Chemical tanker Ship constructed or adapted for the carriage in bulk of any liquid product listed in the International Bulk Chemical Code (a chemical tanker) or a ship constructed or adapted to carry a cargo of noxious liquid substances in bulk. Tonnes
LNG carrier Tanker for the bulk carriage of liquefied natural gas (LNG) (primarily methane) in independently insulated tanks. Liquefaction is achieved at temperatures down to -163°C). Cubic meters
Gas carrier Tanker for the bulk carriage of liquefied gases other than LNG. Tonnes
Bulk carrier Ship which is intended primarily to carry dry cargo in bulk, including such types as other carriers. Tonnes
Combination carrier Ship designed to load 100% dead weight with both liquid and dry cargo in bulk. Tonnes
General cargo Ship with multi-deck or single-deck hull designed primarily for the carriage of general cargo. Tonnes, Tones of dead-weight carried (ton)
Refrigerated cargo Ship designed exclusively for the carriage of refrigerated cargoes in holds. Tonnes
Vehicle carrier Ship designed for the carriage of empty cars and trucks. Tonnes, Tones of dead-weight carried (ton)
Ro-ro Ship Ship designed for the carriage of roll-on rolloff cargo transportation units or with roll-on roll-off cargo spaces. Tonnes
Ro-pax ship Passenger ship with roll-on roll-off cargo space. Tonnes, Tones of dead-weight carried (ton)
Container/Ro-ro cargo ship Hybrid of a container ship and a ro-ro cargo ship in independent sections. Cubic meters
Other ship types Ships not covered by any of the above definitions which fall under the scope of the regulation. Tonnes, Tones of dead-weight carried (ton)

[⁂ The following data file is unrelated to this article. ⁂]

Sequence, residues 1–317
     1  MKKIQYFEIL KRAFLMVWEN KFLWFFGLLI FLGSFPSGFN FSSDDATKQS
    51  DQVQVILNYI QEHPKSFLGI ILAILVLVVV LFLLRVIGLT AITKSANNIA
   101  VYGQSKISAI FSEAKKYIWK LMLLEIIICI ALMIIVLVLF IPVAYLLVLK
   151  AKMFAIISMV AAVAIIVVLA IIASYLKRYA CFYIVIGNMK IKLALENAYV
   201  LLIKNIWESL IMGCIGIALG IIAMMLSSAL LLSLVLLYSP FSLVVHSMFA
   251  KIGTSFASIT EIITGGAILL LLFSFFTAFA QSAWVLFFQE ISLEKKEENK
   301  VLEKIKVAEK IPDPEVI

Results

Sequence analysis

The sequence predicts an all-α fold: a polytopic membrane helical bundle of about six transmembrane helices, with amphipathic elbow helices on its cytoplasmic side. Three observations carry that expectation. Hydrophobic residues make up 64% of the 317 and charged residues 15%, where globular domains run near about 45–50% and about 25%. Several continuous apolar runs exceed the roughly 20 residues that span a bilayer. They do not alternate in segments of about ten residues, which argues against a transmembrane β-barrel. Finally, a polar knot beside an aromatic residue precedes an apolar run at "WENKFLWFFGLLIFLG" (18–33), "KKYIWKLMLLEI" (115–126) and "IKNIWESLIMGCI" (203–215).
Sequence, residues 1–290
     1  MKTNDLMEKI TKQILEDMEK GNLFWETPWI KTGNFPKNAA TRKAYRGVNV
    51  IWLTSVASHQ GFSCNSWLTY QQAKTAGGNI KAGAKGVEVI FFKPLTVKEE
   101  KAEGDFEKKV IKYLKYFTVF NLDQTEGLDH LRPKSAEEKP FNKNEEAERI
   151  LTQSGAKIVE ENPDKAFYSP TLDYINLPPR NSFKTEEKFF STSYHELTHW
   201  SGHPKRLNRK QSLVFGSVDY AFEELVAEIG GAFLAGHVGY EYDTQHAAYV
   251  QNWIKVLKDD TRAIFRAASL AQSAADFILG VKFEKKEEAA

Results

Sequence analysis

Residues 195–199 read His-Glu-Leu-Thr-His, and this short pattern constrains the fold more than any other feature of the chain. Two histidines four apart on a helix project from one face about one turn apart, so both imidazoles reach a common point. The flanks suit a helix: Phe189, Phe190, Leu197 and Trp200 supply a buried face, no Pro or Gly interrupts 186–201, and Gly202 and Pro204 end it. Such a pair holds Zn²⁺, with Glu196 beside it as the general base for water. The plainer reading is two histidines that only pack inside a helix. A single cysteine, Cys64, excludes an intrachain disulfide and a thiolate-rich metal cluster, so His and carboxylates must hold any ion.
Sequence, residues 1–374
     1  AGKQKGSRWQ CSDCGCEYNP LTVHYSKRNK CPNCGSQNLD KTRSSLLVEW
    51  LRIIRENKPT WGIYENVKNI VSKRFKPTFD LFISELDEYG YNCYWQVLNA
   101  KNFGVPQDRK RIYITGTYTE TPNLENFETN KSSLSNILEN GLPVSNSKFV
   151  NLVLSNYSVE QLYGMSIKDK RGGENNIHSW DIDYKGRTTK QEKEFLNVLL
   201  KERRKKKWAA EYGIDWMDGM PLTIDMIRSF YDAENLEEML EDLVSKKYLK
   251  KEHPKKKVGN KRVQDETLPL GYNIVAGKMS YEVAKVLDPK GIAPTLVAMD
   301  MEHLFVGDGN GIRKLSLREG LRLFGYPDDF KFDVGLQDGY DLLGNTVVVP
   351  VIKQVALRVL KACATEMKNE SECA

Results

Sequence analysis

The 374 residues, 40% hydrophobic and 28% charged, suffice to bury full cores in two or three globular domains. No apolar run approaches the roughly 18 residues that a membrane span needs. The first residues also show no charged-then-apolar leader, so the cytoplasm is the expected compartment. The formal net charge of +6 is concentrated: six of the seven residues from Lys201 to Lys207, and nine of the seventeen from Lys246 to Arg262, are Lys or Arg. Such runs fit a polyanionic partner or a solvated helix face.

Who is to assume the MRV obligations for each ship?
The MRV obligations (monitoring plan) are to be considered per ship and the entity fulfilling the obligations is the MRV Company.

It can be either the shipowner or any person that assume the responsibility for the operation of the ship. The Regulation allows the parties involved in the operation of each ship to determine, who assumes the MRV monitoring and reporting obligations.

What are the most relevant deadlines to take in consideration?
According to the Regulation, companies for each ship after 1st January 2018 must fulfill:

31st Dec.2017: Shipowners must complete the Monitoring Plan assessment;
1st Jan.2018: initiates the first Reporting Period. Companies shall monitor the ships CO2 emissions, fuel consumption and other relevant information with a view to aggregate data into an annual emissions report;
31st Dec.2018: End of the first Reporting Period;
30th Apr.2019: Companies must submit a satisfatorily verified emissions report to the EC and Flag State. MRV verifiers are to indicate that the report has been satisfactory and in conditions for issuing a Document of Compliance to be fulfilled;
30th Jun.2019: Companies should carry on board a Document of Compliance (DOC) for the activities of the precedent calendar year.

What if a ship starts carrying out voyages falling under the MRV Shipping Regulation after the deadline of 31stAugust 2017?